This past year has been one of surprises in the car industry. New car sales have struggled along, underperforming and simply falling short of what many experts expected. Sales on used vehicles, however, took its own path.
In a departure from years gone by, used car values held their own, even after the beginning of summer. Traditionally, this was when used vehicles would see their value begin to drop. The reason for this change appears to be the result of some misfortune and some good timing. Losses from hurricanes and extreme storms in 2017 absorbed much of the use car inventory, keeping supply from becoming bloated. In 2018 the market also saw plenty of gently used off-lease vehicles enter the used car market which helped bolster the appeal of buying used over new.
Prioritizing Basics Over Bling
SUVs, luxury brands and high-end trucks may have received plenty of media attention this year but, in the end, people wanted to simply get back to basics. Sales for used compact and midsize sedans saw a bounce for the first time in awhile - in the used market at least.
Meanwhile, luxury cars, SUVs, subcompact luxury CUVs, and near-luxury cars all saw depreciation on the higher end of the scale throughout the year. The problem may be high competition but low demand. With a clear trend toward economy and functionality, luxury cars simply can't compete.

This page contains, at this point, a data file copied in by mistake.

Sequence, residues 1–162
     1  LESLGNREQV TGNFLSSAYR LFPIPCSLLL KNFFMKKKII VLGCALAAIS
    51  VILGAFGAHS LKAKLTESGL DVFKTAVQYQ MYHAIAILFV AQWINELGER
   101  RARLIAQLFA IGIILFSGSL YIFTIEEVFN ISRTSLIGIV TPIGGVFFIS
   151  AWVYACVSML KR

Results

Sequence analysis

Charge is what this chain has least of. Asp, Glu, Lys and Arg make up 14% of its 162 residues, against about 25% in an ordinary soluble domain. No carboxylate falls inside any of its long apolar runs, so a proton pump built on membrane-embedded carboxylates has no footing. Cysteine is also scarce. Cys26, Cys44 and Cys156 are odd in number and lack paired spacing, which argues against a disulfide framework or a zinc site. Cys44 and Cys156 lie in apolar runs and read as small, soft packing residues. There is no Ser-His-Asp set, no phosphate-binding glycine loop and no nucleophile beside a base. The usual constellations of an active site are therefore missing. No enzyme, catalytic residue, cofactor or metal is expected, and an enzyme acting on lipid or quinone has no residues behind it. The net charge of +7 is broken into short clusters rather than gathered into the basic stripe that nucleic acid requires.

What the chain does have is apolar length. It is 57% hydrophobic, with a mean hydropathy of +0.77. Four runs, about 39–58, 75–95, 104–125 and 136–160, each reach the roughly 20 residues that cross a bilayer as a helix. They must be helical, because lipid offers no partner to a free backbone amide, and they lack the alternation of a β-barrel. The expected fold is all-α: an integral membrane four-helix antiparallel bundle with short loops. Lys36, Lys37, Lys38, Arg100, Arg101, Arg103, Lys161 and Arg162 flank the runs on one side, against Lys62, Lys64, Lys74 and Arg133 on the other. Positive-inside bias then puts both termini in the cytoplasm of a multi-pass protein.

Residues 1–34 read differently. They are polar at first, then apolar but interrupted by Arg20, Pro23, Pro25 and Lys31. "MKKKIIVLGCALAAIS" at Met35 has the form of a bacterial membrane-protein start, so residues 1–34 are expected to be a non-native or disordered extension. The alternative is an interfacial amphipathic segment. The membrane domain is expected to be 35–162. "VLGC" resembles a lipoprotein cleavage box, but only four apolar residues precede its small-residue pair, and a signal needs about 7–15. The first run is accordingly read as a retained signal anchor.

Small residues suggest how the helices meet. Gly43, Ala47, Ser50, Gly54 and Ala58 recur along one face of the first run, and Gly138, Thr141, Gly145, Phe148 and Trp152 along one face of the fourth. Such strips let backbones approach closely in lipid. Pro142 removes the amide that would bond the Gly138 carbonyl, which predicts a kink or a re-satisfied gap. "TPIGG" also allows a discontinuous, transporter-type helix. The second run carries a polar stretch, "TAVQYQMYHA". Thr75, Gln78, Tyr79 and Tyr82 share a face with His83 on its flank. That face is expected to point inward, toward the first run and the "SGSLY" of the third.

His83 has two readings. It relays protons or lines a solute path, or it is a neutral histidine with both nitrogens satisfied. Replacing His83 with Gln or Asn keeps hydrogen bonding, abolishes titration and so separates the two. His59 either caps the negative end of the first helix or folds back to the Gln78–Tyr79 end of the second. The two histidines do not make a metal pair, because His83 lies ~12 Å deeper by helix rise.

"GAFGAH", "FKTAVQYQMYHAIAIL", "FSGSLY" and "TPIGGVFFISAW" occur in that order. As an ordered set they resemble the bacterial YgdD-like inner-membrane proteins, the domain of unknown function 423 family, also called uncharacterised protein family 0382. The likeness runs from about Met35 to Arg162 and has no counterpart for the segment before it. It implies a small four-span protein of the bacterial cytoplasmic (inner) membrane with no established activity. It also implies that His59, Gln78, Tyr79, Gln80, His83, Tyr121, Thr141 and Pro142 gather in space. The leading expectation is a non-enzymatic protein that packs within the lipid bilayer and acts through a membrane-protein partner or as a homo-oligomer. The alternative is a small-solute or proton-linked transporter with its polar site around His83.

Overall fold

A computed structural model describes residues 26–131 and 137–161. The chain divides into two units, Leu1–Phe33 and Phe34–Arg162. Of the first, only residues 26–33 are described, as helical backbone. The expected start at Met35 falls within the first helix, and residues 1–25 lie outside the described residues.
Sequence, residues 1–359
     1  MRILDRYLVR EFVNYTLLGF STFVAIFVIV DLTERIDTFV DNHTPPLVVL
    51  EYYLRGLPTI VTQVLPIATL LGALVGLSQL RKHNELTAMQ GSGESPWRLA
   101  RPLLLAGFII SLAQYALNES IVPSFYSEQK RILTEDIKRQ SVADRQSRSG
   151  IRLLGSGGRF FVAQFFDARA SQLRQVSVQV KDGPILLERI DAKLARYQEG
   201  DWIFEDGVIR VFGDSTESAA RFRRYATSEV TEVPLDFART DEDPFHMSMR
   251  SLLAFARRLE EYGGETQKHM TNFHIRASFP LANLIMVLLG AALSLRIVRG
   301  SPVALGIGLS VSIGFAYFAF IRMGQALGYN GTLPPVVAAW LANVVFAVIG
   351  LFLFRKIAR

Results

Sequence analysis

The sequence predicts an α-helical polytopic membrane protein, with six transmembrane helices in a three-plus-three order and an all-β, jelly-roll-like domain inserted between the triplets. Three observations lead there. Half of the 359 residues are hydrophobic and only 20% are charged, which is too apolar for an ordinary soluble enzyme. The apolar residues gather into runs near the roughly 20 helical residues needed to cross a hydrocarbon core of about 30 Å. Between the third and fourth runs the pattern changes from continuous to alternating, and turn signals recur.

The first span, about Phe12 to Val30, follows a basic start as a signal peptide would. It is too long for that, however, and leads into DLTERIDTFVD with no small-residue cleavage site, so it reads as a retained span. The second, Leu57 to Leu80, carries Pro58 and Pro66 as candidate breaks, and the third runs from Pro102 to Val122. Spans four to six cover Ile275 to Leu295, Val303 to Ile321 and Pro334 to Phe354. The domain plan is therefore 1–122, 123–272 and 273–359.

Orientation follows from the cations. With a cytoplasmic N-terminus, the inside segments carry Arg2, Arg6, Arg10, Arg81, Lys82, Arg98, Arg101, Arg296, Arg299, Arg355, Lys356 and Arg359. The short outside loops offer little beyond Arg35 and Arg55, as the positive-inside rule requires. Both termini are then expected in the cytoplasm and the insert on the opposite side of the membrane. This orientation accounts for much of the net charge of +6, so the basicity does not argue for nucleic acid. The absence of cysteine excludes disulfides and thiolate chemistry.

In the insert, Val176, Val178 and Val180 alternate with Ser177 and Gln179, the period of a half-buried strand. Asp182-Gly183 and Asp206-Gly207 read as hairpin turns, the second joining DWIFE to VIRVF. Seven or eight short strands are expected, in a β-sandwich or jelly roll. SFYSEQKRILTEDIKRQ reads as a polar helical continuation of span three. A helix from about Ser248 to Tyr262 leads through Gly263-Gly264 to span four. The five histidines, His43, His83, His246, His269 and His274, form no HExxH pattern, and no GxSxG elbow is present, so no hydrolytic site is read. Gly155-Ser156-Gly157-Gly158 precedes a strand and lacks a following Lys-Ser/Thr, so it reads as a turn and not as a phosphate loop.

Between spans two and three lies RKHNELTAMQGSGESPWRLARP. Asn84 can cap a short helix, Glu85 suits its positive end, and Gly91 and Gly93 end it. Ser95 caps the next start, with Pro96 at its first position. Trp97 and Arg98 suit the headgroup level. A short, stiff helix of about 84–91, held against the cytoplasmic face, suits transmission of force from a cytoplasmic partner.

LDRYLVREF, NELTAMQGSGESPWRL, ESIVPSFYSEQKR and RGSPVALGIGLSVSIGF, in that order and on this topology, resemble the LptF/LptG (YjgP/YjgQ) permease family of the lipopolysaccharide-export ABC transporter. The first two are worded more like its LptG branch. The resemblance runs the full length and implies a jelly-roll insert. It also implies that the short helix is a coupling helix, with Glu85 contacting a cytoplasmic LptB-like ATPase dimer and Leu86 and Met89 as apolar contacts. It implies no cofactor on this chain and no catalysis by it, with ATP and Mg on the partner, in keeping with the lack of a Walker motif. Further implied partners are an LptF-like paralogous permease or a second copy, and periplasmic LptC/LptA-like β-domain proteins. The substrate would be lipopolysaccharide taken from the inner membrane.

While luxury cars have always depreciated at a slightly greater rate than their economic counterparts, the difference is usually around 3 to 5 percentage points. In 2018, however, midsize cars depreciated at a 10% rate while luxury cars depreciated at 19% - nearly double the rate of other cars.
Looking Ahead to 2019
As we prepare to enter the new year, we do so with a healthy market in used car sales. The economy has experienced incredible growth with GDP rising 4.2 percent in Q2 and 3.5 percent in Q3. While there has been jobs added to the economy, limited growth in real income means affordability is at the top of the Wish List for car buyers. With that in mind, the prevailing belief is that the market will remain healthy as prices for new cars continue to rise.
Aside from the obvious differences in price, customers are becoming increasingly savvy when it comes to finding value for money. Off-lease vehicles and the ability to browse used stock nationwide has driven up inventory quality across the board. Dealerships, as well, have found better value in offering high-quality used cars. In a year that saw profit margins on new cars shrink, those same margins on used vehicles bloomed.
The combination of quickly absorbed stock, the influx of off-lease vehicles and a target audience with a focus on value created the perfect environment for a banner year in used car sales. While it's unlikely the industry will continue to see such headline making progress for another full year, the market in 2019 is expected to remain stable.
Off-lease returns will total 4.2 million in 2019, which should yield another wave of high quality inventory. Overall demand is driven by the national economy which is projected to be strong but not quite as strong as it has been in 2018. Interest rates, meanwhile, will be higher which fuels interest in the used market as well. Overall, it's expected to be a good year overall for the used car market.